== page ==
Let me be clear. I’m not a huge fan of going to drinks and exchanging as many cards as possible with whoever you will meet. It doesn’t fit me, and I also don’t think it has too much use either. However, getting in contact with people that I can help, or who can help me, based on some similarities or shared interests, that I do like. It has brought me lots of good stuff, like knowledge, projects and new clients.

Getting into contact with professionals who can help you is not that difficult. You can ask a shared contact to introduce you, or you send them a message yourself. A short and kind email, with a clear reason, question or goal of your request is key. And if you go for coffee or lunch, be the one that pays for it 😉

If the above didn’t convince you, be aware that these days about only about thirty percent of all vacancies are advertises in the ‘conventional’ way (job advertisements in the newspaper, on the internet, LinkedIn etc). About seventy percent of these vacancies have been filled in other ways, often network related. You won’t know if you will be one of those lucky ones, however when people do not know about you, you will miss the boat for sure.

You are not your work

We tend to say: I AM a researcher, I AM a PhD student or I AM postdoc, but actually you WORK as a PhD student or postdoc or researcher. Your job is obviously connected to who you are, but it is not the same. So when you change jobs, or need to re-adjust your career wishes, and you are afraid of what people might when you would be leaving academia think please don’t worry too much. Because you will still be a nice and valuable person and a good friend/partner/child/…

You are not your work. This also implies that that there are many more jobs you can do. Therefore thinking of all the skills (both self-management and transferrable) and knowledge you have is a way better starting point.

Start today

As you might have concluded form the above, career orientation takes time. Doing some research, meeting people, doing a training and reflection of who you are and what you can do, it all will take time. In the last year of your PhD, while finishing your research and writing your thesis, that’s exactly the thing most people do not have. Also when you’re at the end of your postdoc contract and as a result want to finish as much as you can, time is probably not your best friend either… So start in time, better today than tomorrow, and make some time for it!

Do you want to read more?

I’ve published more blogs about career, personal development and burnout. You’ll find them here. You can also follow me on LinkedIn.

Do you need some support?

Do you have questions about your personal development or career (maybe thinking about leaving academia?) and do you want to learn more about how I can help you with that?
Or do you experience burnout or other stress related symptoms?
Please contact me to plan a thirty minute introductory meeting (without obligations and free of charge). This will give you an impression how we could work on your questions or goals. After this meeting you can decide if you like to start coaching with me or not.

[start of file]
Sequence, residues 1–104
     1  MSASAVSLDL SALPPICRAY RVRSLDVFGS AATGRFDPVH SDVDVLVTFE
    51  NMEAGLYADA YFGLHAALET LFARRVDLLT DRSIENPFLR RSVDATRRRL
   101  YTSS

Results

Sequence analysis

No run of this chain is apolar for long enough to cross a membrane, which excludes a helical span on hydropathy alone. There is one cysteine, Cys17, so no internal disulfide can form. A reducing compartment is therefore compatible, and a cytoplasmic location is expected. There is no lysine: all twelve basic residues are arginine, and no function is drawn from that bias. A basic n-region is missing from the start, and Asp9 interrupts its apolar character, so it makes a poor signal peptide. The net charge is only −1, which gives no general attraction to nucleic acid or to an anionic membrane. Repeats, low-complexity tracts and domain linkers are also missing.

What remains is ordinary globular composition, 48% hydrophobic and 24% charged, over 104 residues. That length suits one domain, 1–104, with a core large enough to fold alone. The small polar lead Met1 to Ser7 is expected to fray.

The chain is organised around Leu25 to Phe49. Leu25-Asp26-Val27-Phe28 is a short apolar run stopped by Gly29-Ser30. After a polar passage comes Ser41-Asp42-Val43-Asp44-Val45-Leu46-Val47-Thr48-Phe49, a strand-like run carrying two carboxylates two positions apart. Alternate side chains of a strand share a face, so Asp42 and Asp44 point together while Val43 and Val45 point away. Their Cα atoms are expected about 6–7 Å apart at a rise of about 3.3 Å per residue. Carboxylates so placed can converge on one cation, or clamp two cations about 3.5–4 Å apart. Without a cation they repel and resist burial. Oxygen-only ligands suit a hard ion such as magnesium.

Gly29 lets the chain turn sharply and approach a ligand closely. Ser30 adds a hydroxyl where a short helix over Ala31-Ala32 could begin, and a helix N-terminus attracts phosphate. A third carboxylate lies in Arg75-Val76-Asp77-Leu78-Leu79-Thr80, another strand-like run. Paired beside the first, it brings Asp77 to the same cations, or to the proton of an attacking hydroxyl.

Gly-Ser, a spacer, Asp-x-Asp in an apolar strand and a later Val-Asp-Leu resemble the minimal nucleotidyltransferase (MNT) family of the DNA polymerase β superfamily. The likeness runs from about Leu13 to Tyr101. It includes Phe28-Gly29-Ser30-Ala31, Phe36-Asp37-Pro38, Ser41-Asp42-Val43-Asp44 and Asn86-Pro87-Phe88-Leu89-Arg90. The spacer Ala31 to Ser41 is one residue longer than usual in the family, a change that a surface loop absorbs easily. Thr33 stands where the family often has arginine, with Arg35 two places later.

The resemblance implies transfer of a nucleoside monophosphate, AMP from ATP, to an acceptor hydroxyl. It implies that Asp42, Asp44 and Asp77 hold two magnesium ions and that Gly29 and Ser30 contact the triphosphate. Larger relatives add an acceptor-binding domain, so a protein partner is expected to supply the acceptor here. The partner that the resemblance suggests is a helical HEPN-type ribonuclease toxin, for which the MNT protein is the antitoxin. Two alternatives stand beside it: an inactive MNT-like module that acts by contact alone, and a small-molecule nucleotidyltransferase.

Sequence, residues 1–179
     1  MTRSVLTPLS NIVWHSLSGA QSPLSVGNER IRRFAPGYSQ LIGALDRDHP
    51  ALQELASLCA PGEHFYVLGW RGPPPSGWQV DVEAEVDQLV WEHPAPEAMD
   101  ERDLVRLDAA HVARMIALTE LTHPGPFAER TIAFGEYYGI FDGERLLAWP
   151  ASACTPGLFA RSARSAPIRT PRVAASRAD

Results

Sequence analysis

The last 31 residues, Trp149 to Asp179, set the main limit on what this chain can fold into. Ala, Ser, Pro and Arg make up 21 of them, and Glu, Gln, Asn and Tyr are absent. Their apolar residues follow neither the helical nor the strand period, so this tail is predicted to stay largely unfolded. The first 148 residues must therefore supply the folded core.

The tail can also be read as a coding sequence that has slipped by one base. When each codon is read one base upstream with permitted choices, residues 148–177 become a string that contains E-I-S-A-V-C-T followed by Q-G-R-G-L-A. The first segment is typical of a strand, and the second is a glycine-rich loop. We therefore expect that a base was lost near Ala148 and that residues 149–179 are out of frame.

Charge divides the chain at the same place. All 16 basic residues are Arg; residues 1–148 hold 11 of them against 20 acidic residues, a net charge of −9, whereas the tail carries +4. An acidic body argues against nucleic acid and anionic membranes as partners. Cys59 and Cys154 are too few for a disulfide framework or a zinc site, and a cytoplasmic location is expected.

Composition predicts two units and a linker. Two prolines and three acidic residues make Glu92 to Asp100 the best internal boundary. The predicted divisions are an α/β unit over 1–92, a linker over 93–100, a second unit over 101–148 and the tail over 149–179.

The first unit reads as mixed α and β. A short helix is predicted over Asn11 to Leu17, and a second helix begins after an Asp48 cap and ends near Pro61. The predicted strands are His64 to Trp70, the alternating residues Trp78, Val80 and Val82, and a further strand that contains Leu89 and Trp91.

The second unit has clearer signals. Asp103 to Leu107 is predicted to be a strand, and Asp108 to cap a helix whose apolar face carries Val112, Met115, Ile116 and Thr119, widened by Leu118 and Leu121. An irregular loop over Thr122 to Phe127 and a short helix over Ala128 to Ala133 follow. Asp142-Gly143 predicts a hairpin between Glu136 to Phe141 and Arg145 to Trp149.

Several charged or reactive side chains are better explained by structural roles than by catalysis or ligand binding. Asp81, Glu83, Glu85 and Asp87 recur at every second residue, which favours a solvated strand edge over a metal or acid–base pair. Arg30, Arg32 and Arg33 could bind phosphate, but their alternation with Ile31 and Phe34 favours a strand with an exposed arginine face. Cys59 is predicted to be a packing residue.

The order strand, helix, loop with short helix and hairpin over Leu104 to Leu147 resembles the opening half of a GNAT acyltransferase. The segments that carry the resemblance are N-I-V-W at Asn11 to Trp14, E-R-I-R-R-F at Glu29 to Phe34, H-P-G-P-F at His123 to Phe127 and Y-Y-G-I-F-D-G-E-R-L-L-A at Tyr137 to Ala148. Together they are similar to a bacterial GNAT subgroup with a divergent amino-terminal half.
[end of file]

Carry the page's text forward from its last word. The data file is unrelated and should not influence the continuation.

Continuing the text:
On my English page you can read more about career coaching and burnout coaching and my way of working.

I’m looking forward to meeting you!

Photo Leaving academia after your PhD or postdoc: Ross Findon via Unsplash

Reasons I love working as a coach

Sagitta Peters career and burnout coaching Eindhoven reasons I love working as a coach, reasons I love coaching, sagitta peters coach loopbaancoaching burnout coaching, coaching voor hoger opgeleiden, academici, universiteit, promovendi, technici, ingenieurs, engineers, academic staff, phd students, postdocs, university, eindhoven, utrecht, amsterdam, nijmegen, rotterdam, tilburg, career coaching, expats, international, english

Some people openly ask me what I love about my job. Others might wonder… With a scientific and technological education and having worked in such an environment for several years, it has been quite a journey to embrace some parts of myself again. In fact, not using and even neglecting these ‘softer’ sides had also contributed to forgetting who I truly was.

Since I am working as a coach, everything has fallen into place. By accepting who I am (no matter what) I am now able to use my sensitivity, intuition and interest in human drivers and behaviour and let them complement that pragmatic and problem-solving approach and knowledge of leadership and management I used before so much.

For those who wonder why I am so happy working as a coach, and for those who would just like to learn to know me better, I like to give a sneak peak into the reasons I love working as a coach!

Reasons I love working as a coach

All the stories that people share and the different views on life they have, make me conscious, humble and make me appreciate and consider life on a different level.
I love people, knowledge transfer and teaching.
I really want to make the world a better and happier place. I believe that people who really embrace themselves will be more kind and accepting to other people. (My company has a sustainable bank account and eco friendly coffee, tea and chocolate as well 😉)
Coaching implies working towards a goal.